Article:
Have you come to Yom Kippur hiding beneath layers of self-made false fronts? You are not a profession. You are not even a mother or a father. There was a time that you weren’t and there will be a time when your children will leave you. You are not only defined as a person that loves. We all know how fickle affection plays with our emotions. What we were given was the image of G-d inside us, a potential to partner with Him, the continuing of creation. How above the ground can we rise? The word Adam, in Hebrew, is taken from the word Adamah, which means, the ground. The midrash tells us that Adam was created from the ground of all the corners of the earth, and many are resigned to believe that we will be buried in that same ground. From dust to dust, the Torah says. Adam is the creature that began underneath earth and rises to traverse Eden in co-ownership with the Eibishter. And so I repeat: how above the ground shall each of us rise? This may be the real question we have to answer in Olam Habah, on Judgment Day, on Yom Din. It would be horrific to know that we are still knee-deep in the mud. Yom Kippur speaks to a lofty creation that we make in partnership with G-d, a spiritual heightening of our space in the world.

I obviously live now in a reduced place. I am confined, constricted, refrained, and contained. That may be the reality objectively to everyone else. But it is not mine. I feel my life force coming through. No barriers but me in freefall happiness. I’m jumping here and everywhere endlessly and without restraint. A mind believes what it wants to believe, and my mind believes that G-d owns the future and gives it to me now. I feel like a pioneer, introduced to my body at first glance and I am able to enter each sub-atomic particle and chart its dimensions. I have been allowed a world of timelessness, a Shabbos forever, to investigate the pure unmitigated energies of life. Why be anywhere else? We live in the possible, not the improbable. This is why a person can look forward to the day of judgement and not tremble beneath it. I absolutely know that I had my Day of Judgement in the next world, that day two years ago.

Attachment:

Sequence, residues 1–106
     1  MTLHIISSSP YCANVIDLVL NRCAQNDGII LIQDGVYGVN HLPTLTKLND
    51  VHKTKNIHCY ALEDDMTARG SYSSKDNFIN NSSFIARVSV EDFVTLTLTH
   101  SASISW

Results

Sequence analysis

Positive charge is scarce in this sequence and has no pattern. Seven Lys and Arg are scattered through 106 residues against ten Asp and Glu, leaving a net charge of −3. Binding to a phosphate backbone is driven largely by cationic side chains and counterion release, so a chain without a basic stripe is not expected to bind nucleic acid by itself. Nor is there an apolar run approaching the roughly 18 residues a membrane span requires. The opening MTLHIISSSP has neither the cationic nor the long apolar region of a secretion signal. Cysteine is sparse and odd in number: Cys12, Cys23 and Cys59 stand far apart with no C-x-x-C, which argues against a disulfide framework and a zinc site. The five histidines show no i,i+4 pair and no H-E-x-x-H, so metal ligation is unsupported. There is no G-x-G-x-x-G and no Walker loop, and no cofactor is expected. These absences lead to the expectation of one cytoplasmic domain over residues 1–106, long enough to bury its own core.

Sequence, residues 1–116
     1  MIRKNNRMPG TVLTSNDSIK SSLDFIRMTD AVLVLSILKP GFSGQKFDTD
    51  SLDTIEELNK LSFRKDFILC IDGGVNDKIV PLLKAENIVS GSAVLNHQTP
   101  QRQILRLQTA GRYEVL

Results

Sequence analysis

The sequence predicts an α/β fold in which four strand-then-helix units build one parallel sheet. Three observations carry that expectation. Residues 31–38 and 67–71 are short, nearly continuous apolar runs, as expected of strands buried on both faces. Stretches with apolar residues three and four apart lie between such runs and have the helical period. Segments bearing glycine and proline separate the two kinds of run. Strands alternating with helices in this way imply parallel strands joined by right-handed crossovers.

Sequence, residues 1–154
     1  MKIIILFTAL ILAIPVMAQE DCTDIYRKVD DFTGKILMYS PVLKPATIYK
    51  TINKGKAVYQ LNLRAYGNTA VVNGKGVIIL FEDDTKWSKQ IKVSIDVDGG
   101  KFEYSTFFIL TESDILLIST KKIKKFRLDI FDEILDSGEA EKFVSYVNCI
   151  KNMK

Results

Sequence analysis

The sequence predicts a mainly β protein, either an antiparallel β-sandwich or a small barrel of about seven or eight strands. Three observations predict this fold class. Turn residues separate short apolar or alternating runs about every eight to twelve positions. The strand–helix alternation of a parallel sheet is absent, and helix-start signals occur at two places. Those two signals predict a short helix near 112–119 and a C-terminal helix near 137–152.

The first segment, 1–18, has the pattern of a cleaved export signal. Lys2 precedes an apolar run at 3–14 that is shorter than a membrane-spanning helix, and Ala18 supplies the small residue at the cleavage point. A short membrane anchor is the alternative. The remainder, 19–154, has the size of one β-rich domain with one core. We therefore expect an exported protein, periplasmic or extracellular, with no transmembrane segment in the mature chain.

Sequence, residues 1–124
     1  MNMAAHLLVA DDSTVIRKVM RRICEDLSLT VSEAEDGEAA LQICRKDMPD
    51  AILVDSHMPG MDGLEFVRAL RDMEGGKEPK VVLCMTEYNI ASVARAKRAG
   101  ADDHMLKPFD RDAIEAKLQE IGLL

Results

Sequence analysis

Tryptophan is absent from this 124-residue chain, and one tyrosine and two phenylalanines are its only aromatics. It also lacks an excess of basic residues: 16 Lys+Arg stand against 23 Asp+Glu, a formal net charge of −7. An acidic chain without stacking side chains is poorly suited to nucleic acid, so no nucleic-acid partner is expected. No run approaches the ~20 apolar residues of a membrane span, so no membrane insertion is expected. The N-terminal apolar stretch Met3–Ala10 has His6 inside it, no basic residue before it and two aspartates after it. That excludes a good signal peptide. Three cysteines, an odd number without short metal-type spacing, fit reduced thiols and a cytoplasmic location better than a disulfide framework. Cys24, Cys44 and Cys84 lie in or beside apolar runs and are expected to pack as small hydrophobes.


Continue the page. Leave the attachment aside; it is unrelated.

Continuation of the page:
How could Adam and Eve leave a father and mother that they never had, unless of course G-d was the mother and father that they did leave in the attempt to shortcut their way to eternal life? The text says the snake was naked, meaning exposed to its raw being of convolution and connivance. In Hebrew the word snake, nachash, means to guess, to approximate. It is always the opposite of true knowledge. The snake was on the bark of the tree and Adam was on the other side of Eve. Eve, Chava, in Hebrew, life, means innocent existence, existence without judging, pre-experience. The innocent is always the target of Evil; equally, the innocent is the desire of Good. The snake began its chatter to Eve to separate Adam from her, and to separate G-d from them both. That is what Evil means in Judaism, to interfere with a relationship with G-d, to create doubt. Evil cajoles the pure one. It flatteringly tricks us into thinking that we are really self-made, that we play the sole part in our own creation story.

What did the snake gain from this encounter? And what is it that Eve found in the appearance of the fruit that delighted her? G-d doesn’t even ask the snake what its aims were, He straightforwardly condemns it to a horizontal existence underfoot winding in the soil. No height, no awareness of what is far away.

Here is my radical conclusion. Please do not be offended. The rabbis don’t know what this fruit is. Some say an apple. Some say an etrog. Others say the grape. There are many more interpretations.

Flawed or not; I am in a state now of being reduced and confined. Restraint and constraint. I’ve had this time to try to understand where lies my purpose in life. We are all born flailing and wailing. We are all body.